To understand the outcomes of going with either VC funding or an ICO, let’s take a look at two companies working towards similar goals that took two distinctly different routes.

Earlier in the year, Bloomberg did a comparison of two Southeast Asian entrepreneurs: Aung Kyaw Moe and Jun Hasegawa.

Aung, the founder of 2C2P, a payment processing business, opted for the traditional route since he deemed the ICO unstable and risky. He was able to raise $30 million in venture capital and was considering going public in the coming years.

Like 2C2P, Jun wanted to tackle payment processing as well. The difference between the two projects is how they got their funding.

You may already be familiar with Jun’s project, OmiseGO, which brought in an impressive $25 million in its ICO (actually pre-ICO sale, the cap was reached before the ICO date) and currently has a market cap of over $500 million (at the height of the crypto boom, OMG’s market cap exceeded $2.5 billion).

OmiseGO was able to raise funding quickly without giving up any equity, and before having their network up and running. So he was up and running in 6 months while Aung looked on in envy.

Should Jun have decided to go the VC route, he would likely have stalled until they had a functioning platform to show investors. Instead, the ICO gave them the funding they needed to focus on creating that platform and not relinquish any equity in the company itself.

That being said, 2C2P became a success too with the likes of Facebook and major airlines under their belt as customers. But they could have gotten to the market much faster with an ICO.

Why it Matters

At the end of the day, you have to take stock of what you need most for your company: time, control, and/or money. Only you will know what’s best for your company.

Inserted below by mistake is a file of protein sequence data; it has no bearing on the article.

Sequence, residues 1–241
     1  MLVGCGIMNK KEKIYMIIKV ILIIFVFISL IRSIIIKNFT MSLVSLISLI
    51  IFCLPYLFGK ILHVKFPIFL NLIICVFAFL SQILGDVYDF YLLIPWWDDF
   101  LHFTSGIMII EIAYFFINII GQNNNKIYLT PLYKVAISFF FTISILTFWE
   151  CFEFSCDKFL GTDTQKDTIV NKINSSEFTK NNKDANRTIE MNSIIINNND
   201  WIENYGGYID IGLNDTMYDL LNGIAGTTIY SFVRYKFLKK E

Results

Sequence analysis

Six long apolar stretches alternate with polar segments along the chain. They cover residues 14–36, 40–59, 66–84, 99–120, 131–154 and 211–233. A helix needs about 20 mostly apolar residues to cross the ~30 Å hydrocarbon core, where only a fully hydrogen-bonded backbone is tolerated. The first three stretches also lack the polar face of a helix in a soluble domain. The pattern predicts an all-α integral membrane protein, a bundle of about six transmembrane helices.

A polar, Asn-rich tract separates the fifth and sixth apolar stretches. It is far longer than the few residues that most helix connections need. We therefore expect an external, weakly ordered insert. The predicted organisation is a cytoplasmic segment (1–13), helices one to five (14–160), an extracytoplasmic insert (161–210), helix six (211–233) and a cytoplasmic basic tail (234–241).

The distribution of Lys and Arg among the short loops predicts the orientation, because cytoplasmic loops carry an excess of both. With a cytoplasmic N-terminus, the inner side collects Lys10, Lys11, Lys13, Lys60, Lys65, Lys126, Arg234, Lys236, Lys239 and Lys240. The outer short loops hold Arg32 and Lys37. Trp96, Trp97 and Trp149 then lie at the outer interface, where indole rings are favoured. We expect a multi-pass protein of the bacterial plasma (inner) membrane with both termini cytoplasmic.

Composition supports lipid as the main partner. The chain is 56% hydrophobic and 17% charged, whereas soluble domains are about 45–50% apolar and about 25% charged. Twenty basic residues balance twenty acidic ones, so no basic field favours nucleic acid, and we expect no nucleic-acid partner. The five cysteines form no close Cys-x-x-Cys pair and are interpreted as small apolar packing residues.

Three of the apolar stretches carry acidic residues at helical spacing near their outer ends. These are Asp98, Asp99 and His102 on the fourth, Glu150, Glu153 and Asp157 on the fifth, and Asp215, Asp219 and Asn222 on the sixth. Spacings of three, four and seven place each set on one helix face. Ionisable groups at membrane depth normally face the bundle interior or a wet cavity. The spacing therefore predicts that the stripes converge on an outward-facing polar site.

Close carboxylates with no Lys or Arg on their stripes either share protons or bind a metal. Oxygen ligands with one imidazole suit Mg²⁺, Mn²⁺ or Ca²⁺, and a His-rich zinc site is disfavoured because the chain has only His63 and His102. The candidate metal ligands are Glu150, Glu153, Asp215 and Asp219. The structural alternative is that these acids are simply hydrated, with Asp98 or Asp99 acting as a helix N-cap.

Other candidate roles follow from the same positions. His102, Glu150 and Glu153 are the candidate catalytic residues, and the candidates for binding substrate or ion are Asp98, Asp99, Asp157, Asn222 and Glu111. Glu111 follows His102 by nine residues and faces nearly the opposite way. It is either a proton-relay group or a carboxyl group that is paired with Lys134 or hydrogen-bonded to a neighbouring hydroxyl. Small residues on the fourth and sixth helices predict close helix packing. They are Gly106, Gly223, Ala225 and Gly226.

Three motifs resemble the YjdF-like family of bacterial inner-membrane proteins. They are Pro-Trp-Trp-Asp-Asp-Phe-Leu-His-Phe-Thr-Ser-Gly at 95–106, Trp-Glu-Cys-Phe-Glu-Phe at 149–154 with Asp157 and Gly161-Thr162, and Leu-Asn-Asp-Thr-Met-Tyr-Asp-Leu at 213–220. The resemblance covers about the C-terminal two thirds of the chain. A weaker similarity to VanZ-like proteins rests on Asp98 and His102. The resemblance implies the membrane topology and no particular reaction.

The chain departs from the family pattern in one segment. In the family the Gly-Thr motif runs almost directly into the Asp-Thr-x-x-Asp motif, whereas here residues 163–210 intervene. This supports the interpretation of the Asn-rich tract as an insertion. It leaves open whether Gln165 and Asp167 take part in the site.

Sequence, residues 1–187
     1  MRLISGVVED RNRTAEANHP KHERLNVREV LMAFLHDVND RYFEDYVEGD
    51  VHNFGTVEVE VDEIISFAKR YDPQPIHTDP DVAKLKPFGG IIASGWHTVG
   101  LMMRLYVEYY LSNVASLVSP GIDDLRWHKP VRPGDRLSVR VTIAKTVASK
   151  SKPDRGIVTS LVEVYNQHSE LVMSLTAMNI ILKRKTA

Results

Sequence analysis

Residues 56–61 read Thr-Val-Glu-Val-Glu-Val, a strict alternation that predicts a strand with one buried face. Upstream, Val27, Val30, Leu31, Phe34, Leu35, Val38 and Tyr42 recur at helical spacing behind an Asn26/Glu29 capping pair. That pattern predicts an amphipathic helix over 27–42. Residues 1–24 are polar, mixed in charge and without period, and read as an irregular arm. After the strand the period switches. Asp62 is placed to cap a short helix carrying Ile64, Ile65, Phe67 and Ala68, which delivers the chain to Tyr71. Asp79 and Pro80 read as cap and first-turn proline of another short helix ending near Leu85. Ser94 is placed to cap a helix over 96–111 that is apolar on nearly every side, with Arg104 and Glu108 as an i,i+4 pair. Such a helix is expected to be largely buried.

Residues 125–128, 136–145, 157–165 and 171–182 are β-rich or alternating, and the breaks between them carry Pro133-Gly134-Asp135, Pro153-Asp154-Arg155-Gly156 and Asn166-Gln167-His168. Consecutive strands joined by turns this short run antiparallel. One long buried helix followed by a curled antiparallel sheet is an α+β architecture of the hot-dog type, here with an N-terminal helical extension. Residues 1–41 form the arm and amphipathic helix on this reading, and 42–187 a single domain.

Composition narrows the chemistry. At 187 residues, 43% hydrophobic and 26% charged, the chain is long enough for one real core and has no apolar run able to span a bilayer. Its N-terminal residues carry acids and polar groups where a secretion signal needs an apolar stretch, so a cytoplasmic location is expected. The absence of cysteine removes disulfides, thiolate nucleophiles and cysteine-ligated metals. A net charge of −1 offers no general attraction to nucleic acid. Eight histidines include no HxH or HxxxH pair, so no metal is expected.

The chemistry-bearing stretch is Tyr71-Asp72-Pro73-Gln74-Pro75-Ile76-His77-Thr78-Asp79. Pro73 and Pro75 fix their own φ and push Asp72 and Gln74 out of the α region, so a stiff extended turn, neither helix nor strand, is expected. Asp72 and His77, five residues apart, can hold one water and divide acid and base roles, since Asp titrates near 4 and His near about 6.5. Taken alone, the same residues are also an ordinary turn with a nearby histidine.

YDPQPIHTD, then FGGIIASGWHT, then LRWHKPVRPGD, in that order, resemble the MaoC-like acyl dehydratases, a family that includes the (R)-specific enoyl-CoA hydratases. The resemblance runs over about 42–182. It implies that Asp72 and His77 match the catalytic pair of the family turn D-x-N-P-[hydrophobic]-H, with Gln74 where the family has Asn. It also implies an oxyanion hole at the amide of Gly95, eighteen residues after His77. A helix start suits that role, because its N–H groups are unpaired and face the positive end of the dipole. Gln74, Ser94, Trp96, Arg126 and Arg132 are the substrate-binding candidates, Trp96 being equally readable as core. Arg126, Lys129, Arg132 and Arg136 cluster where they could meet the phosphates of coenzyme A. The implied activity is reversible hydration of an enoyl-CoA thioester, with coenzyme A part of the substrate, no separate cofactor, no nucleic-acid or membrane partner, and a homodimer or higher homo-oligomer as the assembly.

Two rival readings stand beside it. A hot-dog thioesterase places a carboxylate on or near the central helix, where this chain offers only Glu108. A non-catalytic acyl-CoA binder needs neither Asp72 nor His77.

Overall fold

Token crowd sales done via blockchain has easily become one of the most disruptive movements in the financing of fintech startups thanks to more autonomy, time, and often more funding than VC.

Meanwhile, VC’s own part of the company in equity and/or control — not to mention the time they eat in pitches, demos, meetings, etc.

In the case of OmiseGO, Jun and the founding team still maintain ownership of their company without having to appeal to investor control or giving away parts of their business. And they were able to raise the funding they needed much faster than the traditional VC route. Along with that, projects running ICOs also don’t have to worry about the time and resource consuming process of preparing material, pitches, product demonstrations, etc. for firms. Instead, an ICO allows your team to focus on what you were seeking funding for in the first place: building your platform.

Claire Polansky is the managing editor of Blockanics. She ate, slept, and breathed Friedrich Nietzsche's anti-establishment theories while working on her multidisciplinary Ph.D in religion, philosophy, and environmental ethics. She believes that Nietzsche would have absolutely loved the decentralized mission behind crypto. When Claire is not editing or quoting Nietzsche, you can almost be certain that she is rescuing strange animals.